Marion Nicoll: The Ritual Series
49.25 x 28.25 inches ‘ 125.1 x 71.8 cm“Marion Nicoll is at the root of everything that is art today in Calgary.” Katie Ohe
In 1962 and 1963, Calgary-born artist Marion Nicoll created the Ritual Series (Ritual I, 1962 and Ritual II, 1963, Alberta Foundation for the Arts). For Nicoll, the idea of working in a series began in 1959 when she was on a summer trip to Italy, Spain and Portugal, and after a period of study in New York with American painter-printmaker, Will Barnet (1911-2012). Nicoll’s European travels spawned her first three bodies of work developed in series—the Sicily, Rome and Madrid Series. Over the next decade, following her return to Alberta in August 1959, Nicoll developed another nine bodies of work in series: Presence (I-IX), Alberta (I-XIV) Chinook (I-IV), Ritual (I-II), Omen (I-II), Calgary (I-IV), Foothills (I-II), Guaycura (I-II) and Runes (I-II). The Presence and Ritual Series were the two bodies of work in which the figure played a central role. Because the Ritual Series was capped at two paintings, Ritual I is the only painting in the private market. Although much of Nicoll’s abstract work developed in response to the landscape around her, it was her larger environment, including the figurative element, that formed the many points of departure for her hard-edge abstractions of the 1960s for which she has been widely recognized in and beyond Canada.
Ritual I is a lesser-known painting in Nicoll’s ouevre because the last known occasion when it was exhibited was her 1965 show at the short-lived Yellow Door Gallery, Winnipeg, Manitoba.  An exhibition review in the Winnipeg Free Press offers the only known historical context for the painting, probably the result of an interview with the artist given the reviewers depth of commentary. Ken Winters noted: “Ritual I is …apparently a symbol for the moment of conception; the first subdivision of the living cell in the maternal body.”  Winters’ review compared Ritual I to another painting called Pregnant Woman (location unknown). The second painting in the Ritual series, Ritual II, also alludes to the gestational and birthing processes. We can be assured then that Nicoll had her mind on the female body and procreation as her points of departure for all three paintings.
The microcosm of human reproduction may not initially strike the viewer as the artist’s point of departure for Ritual I but close analysis supports Winters’ assessment. Nicoll has pared down the human form to absolute brevity by dividing her composition into the torso and head-shaped forms which occupy the lower three-quarters and upper quarter of the composition. Centred in the torso, a maze-like structure leads the viewer inward to a fertilized embryo. Perched inside the head shaped form a tiny crown pays symbolic respect to the female body’s procreative power. Nicoll’s colours are spare—yellow, white, black and grey—with the high contrast areas drawing the viewer into the painting’s symbolic central area. As always, her choices yielded a harmonious overall image wherein one colour does not predominate over the whole. Her surface is unusually mottled with palette-knife texturing, as compared with the smoother hard-edge approach in Ritual II and common among many other 1960s abstractions. Although most of Nicoll’s painting of this period is smooth, hard-edge abstraction, her interest in a textured surface was not an anomaly. In 1959, she experimented with the encaustic (wax) process for God Out of the Night, 1969 (Leighton Art Centre), and in her printmaking practice she experimented with textured substrates such as Expanding White, 1960 (Alberta Foundation for the Arts), printed on a j-cloth cleaning towel.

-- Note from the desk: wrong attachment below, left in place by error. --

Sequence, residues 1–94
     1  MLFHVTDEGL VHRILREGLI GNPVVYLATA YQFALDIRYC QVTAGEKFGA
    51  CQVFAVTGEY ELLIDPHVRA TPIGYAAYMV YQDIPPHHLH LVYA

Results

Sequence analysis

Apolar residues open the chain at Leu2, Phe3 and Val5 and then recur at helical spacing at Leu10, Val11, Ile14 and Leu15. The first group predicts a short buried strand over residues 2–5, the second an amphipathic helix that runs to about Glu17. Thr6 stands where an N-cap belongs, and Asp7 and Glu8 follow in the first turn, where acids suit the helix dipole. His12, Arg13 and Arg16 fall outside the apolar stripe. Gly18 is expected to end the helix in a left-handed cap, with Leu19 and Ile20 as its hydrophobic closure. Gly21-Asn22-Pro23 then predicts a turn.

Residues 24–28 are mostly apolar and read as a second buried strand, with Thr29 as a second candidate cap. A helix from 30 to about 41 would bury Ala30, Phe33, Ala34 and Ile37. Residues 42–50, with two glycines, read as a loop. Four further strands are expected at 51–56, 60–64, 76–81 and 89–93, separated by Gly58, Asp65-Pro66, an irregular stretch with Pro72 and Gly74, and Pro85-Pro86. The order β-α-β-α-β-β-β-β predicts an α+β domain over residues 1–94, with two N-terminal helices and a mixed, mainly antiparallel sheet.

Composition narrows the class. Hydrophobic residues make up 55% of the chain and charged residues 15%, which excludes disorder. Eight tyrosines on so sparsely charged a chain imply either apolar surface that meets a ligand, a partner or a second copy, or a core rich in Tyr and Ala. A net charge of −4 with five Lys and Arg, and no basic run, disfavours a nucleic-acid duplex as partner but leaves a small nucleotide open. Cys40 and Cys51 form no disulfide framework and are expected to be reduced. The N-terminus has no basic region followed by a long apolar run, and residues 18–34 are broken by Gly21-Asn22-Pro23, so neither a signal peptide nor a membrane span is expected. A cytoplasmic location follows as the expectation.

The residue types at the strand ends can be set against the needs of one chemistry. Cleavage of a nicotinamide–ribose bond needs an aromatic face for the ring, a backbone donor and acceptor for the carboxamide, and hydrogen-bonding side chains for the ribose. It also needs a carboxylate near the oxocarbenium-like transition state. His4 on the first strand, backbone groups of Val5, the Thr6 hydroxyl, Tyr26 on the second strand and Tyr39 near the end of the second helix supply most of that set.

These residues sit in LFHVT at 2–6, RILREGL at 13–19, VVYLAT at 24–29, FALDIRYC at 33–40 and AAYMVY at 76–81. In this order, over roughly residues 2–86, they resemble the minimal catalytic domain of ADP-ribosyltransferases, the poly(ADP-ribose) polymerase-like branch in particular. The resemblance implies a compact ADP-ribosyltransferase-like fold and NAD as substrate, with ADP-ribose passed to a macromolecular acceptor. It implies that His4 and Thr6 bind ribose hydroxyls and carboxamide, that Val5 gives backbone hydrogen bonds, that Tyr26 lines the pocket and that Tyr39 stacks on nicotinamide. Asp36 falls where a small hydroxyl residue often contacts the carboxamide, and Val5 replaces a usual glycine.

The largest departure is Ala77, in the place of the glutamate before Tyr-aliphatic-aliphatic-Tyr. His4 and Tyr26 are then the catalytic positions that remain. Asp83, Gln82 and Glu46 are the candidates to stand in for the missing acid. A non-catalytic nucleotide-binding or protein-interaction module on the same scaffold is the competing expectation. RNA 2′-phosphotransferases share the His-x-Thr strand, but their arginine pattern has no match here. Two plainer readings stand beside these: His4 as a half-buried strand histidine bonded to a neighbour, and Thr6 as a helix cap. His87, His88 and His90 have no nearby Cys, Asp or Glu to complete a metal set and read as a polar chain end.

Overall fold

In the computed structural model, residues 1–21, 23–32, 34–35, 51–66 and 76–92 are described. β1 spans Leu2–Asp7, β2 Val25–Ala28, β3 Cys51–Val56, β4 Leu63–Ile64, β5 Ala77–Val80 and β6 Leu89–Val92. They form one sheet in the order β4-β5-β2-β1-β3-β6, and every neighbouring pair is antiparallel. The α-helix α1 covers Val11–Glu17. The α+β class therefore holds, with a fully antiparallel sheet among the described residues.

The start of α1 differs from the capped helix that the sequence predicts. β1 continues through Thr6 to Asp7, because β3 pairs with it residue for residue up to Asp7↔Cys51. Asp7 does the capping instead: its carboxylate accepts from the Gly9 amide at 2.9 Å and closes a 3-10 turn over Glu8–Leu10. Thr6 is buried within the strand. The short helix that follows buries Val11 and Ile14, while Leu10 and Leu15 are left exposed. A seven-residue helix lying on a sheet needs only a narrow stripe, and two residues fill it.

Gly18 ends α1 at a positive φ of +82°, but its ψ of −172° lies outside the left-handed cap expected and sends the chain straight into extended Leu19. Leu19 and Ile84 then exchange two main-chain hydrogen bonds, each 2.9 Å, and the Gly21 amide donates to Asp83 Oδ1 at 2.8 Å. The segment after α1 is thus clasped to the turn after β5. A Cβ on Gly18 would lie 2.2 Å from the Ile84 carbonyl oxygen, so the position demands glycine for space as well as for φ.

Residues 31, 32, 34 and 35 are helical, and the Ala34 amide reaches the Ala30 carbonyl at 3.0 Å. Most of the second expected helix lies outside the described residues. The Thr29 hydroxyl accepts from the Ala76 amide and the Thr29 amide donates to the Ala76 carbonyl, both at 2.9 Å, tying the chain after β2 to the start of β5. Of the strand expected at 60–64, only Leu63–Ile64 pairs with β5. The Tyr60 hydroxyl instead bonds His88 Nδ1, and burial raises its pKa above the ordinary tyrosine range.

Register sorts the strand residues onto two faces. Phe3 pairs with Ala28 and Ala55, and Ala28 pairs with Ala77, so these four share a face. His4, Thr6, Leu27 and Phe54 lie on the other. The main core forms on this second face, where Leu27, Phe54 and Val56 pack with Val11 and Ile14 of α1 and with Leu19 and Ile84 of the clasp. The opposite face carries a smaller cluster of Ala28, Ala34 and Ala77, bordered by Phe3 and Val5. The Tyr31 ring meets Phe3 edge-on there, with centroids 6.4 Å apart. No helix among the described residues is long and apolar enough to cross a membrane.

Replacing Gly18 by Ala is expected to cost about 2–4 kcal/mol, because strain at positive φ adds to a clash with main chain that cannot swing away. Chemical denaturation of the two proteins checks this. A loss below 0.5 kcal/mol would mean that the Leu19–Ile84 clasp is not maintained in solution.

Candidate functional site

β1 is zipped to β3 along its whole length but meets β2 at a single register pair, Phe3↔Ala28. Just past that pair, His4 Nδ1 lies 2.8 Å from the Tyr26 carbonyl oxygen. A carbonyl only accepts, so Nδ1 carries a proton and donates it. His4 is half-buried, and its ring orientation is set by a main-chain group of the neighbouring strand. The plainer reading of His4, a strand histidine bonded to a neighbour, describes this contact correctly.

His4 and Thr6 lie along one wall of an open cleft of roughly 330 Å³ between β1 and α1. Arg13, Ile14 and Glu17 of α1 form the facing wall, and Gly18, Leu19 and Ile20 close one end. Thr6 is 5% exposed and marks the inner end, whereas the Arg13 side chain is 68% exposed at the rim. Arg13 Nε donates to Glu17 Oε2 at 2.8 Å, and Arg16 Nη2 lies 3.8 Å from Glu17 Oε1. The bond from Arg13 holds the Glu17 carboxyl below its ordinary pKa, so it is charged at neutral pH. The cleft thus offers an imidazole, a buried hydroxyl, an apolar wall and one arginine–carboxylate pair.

Nicoll had been well schooled in figurative drawing at the Ontario College of Art in Toronto where she studied under portraitist John Alfsen (1902-1971) and various members of the Group of Seven who were all trained in academic figure drawing. Recently, Nicoll’s 1959 travels to Europe included seeing her favorite Italian and Spanish artists—Giotto (1267-1337), Cimabue (1240-1302), El Greco (1541-1614) and Francisco Goya (1746-1828).  These artists’ timeless iterations of the figure and infant putti may have inspired Nicoll to revisit a subject she had parked since the late 1920s. The task in Ritual I though was not verisimilitude as her old class days had called for.
Nicoll was between age fifty-three and fifty-four when she created the Ritual Series, well past her own biological clock of being able to have children of her own. The message of the Ritual Series may or may not have been autobiographical but what is consistent about it with other bodies of Nicoll’s work is her preoccupation with cycles of life and the passing of time. Take for example her many works detailing times of day (Bowness Road, 2 AM, 1963), seasons and months of the year (January, February and March, all 1968), and ephemeral moments soon to pass (End of Summer, 1963, Eclipse, 1963, Moon in the Morning, 1962 and so on). Ritual I, Ritual II and Pregnant Woman each detail the passing of time through the procreative cycle.
That Nicoll chose the female body as her point of departure for the Ritual Series only underscores her feminist world view that, throughout her practice, asserted the significance of women’s lives at every turn. Equally, her message in the Ritual Series was consistent with her larger goals as abstract painter—painter of the enduring forces of time and the brevity of life.
Catharine Mastin, PhD
Independent Scholar, Writer and Curator
Author of the forthcoming publication Marion Nicoll: Life & Work (Art Canada Institute, 2021)
 The exhibition Paintings by Marion Nicoll took place from January 25–February 6, 1965.
Ken Winters, “14 Monumental Gestures,” Winnipeg Free Press, 30 January 1965.
 Marion Nicoll “The Four Greatest Artists,” Highlights: Quarterly Magazine of the Alberta Society of Artists (March 1952), n.p.